To the girl they will call Daniella,

It is windy this morning. I can hear the thrashing and creaking of the ivy as Risings Hall and the wind play tug-of-war with them. It is a merit to your mothers care of this once crumbling manor that the wind will lose. I will try to write this quickly, before the air stills again into one of the winter days that are too warm to be called true winter days. That is all the winter we ever seem to have here, all the winter I have ever known here.

In the domestic lull that exists at times like this, when nature deafens me to all else, I can forget. The noise of such a wild day has a pleasant melancholy edged with just a twinge of fear, like a dulled down echo of the sadness and terror I feel in the darkness. Just intrusive enough to let me free from myself, to speed through realms of thought that are greater then myself, realms in which pain has not the power it has in the sunlight. The wind brings with it a world of dappled light and shadows. A world with the peace of night, but not night's terrible darkness .For I fear the dark nights nearly as much as the bright days. Darkness brings with it a stillness that transforms a world of familiar features into a world that no longer holds the mind in its earthly circle of thought. In the darkness the present is disjointed and we look to the past and to the future, and both intermingle, becoming something perhaps a little akin to hope. Having no hope, I fear any glimpse of the future because I know it to be more unfathomable then any proud, fierce wind.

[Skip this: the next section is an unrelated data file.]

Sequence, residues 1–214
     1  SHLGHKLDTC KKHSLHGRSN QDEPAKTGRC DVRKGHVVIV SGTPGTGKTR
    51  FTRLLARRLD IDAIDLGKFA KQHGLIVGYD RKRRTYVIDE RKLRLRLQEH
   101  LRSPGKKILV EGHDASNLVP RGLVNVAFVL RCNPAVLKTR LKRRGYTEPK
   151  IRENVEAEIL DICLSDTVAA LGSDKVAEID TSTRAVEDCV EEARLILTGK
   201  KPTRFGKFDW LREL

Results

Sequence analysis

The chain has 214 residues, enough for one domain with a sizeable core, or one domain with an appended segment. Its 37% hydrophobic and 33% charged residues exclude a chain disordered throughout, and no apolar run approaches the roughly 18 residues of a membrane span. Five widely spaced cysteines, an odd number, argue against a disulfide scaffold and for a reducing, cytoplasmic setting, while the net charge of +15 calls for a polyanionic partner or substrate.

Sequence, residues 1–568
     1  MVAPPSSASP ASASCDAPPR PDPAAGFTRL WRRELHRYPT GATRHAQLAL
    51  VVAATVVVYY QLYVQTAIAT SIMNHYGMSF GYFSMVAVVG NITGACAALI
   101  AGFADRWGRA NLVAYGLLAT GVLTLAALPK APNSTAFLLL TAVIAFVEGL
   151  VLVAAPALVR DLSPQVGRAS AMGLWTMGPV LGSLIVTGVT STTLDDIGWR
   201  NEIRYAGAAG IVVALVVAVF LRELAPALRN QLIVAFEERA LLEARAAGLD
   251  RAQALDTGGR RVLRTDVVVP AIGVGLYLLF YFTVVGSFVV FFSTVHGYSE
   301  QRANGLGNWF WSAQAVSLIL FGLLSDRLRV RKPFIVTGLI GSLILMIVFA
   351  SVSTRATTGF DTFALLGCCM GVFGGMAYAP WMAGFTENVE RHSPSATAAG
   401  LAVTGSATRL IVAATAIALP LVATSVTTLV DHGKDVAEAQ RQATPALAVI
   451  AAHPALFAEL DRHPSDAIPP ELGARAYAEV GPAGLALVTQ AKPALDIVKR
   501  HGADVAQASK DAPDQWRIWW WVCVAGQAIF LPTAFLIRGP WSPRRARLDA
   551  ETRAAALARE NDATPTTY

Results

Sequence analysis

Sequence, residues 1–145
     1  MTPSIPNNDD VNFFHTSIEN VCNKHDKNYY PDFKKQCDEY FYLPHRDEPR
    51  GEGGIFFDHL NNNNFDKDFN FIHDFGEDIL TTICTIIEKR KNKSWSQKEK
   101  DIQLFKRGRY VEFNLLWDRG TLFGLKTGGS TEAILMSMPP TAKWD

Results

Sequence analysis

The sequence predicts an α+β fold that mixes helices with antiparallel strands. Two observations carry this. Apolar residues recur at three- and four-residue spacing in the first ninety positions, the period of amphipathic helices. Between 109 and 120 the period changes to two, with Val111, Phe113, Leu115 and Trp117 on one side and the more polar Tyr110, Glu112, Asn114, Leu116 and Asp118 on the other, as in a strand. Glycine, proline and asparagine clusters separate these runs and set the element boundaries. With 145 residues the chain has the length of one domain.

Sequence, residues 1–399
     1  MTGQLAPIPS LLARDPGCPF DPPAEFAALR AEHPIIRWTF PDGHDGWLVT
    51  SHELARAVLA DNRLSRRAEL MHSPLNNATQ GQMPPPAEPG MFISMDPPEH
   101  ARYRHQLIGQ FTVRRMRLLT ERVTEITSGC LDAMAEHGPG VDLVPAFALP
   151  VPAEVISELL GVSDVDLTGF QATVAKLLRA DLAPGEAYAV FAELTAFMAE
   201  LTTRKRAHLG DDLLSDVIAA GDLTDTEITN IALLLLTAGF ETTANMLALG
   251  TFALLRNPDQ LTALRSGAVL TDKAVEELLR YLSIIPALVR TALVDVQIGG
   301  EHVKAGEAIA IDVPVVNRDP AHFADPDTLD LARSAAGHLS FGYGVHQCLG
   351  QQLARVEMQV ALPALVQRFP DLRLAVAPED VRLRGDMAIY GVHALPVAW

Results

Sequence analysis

So, I find relief in at once freeing and binding effect of a blustery day. Because as I said, it is a balance that allows me to forget. Forget that these pathetically warm winter days I hate so much will be the last days I will ever know.

That is why I am writing this letter. So that I might have some comfort to hold onto during these last days of chilled sunlight and nights of infinite darkness. In the hazy moment of bright and dark I'll curl my fingers around the belief that you will have your mother's capacity for guilt and your father's willful pride. Perhaps even your aunt's love of the melo-dramatic. Whatever the reason, I will trust in my darkest moments that years after I'm gone you will honor my final request. But before I ask this of you I will tell you the story of how all this happened. How I came to be a lonely, mentally unstable women, dieing slowly and painfully and writing letters to a girl who has not yet been born.